The dairy industry and Hawke’s Bay Regional Council are 80% towards their goal of achieving 100% compliance with all resource consents.
“An easy-going temperament is one of the main traits I strive for in a cow. I work alone a lot of the time, so having a docile animal is crucial,” she says.
“Plus, I also give the cows a mineral drench in the milking shed, things like magnesium and iodine, and quiet cows are easier to drench.”
During milking, the 29-year-old zig-zags her way down the pit, changing clusters and identifying cows to draft for artificial insemination.
“At this time of the year it’s a daily race against the clock to get my farm jobs done and be on the road by 7.15am,” she says.
Creswell works as an artificial insemination (AI) technician with genetics company LIC, a seasonal position she has held for 10 years.
“I did my training with LIC in 2011. After a month working as an apprentice, I was given my own AI run.”
The job sees her driving between up to 12 local dairy farms each day, inseminating cows on heat.
“It’s a really rewarding job. The aspect I enjoy the most is getting out and talking to other farmers,” she says.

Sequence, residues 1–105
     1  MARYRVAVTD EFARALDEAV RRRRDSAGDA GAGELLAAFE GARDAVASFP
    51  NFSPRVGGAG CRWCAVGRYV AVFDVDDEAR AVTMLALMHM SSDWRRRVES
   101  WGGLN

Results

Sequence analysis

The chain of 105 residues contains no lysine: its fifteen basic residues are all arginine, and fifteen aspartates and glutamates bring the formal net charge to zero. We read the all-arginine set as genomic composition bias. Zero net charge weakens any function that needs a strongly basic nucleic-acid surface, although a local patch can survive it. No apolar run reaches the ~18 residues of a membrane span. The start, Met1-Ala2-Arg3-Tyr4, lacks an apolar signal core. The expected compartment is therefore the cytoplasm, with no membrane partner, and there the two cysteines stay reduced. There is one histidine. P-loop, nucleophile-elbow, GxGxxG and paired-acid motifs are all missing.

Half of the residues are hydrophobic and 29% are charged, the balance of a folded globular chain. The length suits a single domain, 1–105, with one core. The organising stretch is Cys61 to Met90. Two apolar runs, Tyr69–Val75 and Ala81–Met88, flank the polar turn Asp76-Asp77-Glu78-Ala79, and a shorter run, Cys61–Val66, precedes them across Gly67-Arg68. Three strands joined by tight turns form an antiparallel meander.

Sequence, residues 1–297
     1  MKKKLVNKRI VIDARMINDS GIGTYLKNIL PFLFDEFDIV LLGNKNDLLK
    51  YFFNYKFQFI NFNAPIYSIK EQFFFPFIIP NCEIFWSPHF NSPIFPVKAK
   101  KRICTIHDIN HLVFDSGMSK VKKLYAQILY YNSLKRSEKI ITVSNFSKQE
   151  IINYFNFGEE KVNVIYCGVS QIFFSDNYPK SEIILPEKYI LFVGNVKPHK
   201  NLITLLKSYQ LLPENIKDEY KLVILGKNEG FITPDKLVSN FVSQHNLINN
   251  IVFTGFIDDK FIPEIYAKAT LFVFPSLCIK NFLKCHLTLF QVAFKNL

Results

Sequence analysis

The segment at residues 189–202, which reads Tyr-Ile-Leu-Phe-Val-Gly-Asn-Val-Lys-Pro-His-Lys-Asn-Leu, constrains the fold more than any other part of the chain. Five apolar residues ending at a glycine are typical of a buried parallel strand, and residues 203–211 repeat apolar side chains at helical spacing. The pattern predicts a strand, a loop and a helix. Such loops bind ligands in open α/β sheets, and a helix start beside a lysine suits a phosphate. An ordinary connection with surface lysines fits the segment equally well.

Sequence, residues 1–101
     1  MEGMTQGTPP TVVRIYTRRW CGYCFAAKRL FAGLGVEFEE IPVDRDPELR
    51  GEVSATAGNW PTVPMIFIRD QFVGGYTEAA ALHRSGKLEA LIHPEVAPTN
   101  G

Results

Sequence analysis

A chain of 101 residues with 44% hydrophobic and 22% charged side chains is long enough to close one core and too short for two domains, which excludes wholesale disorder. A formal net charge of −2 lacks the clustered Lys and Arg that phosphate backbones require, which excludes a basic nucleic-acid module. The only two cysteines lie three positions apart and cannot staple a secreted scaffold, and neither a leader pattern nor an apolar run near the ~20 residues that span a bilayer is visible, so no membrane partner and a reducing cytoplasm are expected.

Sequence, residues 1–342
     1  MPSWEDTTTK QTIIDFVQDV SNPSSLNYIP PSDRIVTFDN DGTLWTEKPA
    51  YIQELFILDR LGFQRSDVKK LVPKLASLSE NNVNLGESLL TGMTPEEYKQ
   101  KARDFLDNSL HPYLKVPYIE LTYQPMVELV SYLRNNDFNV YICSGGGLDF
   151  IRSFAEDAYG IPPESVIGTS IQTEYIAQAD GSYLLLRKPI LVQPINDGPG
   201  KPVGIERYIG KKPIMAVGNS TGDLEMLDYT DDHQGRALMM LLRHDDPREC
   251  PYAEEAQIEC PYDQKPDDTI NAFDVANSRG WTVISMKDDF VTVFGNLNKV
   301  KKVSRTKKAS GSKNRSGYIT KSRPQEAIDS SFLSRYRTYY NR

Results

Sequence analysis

“Mating is one of the busiest times of the year and people can often get stuck in their farm bubbles for long periods.
“If the grass isn’t growing and feed is in short supply, it’s nice to be able to let farmers know others in the district are in a similar situation.”
The biggest farm on Creswell’s run milks about 700 cows.
“When they synchronise a large number of cows to come on heat together, I have to inseminate 120 cows in one visit,” she explains.
“It can take up to two hours.”
Creswell has inseminated 25,611 cows since she started as an LIC AI technician. That is roughly 2,561 inseminations a year.
Talking cows and genetics is not her only hobby.
The thrill seeker can often be found in the front seat of a rally car hurtling down a gravel road at speeds of more than 200km/h.
She is a co-driver for Ashburton drystock farmer Wayne Muckle in the New Zealand Rally Championship.
“We used to have a hill climb on the public road that goes past our support block. I’d go and watch, and thought it looked fun,” she says.
“One year I got to go for a ride in one of the cars and, as they say, the rest is history.”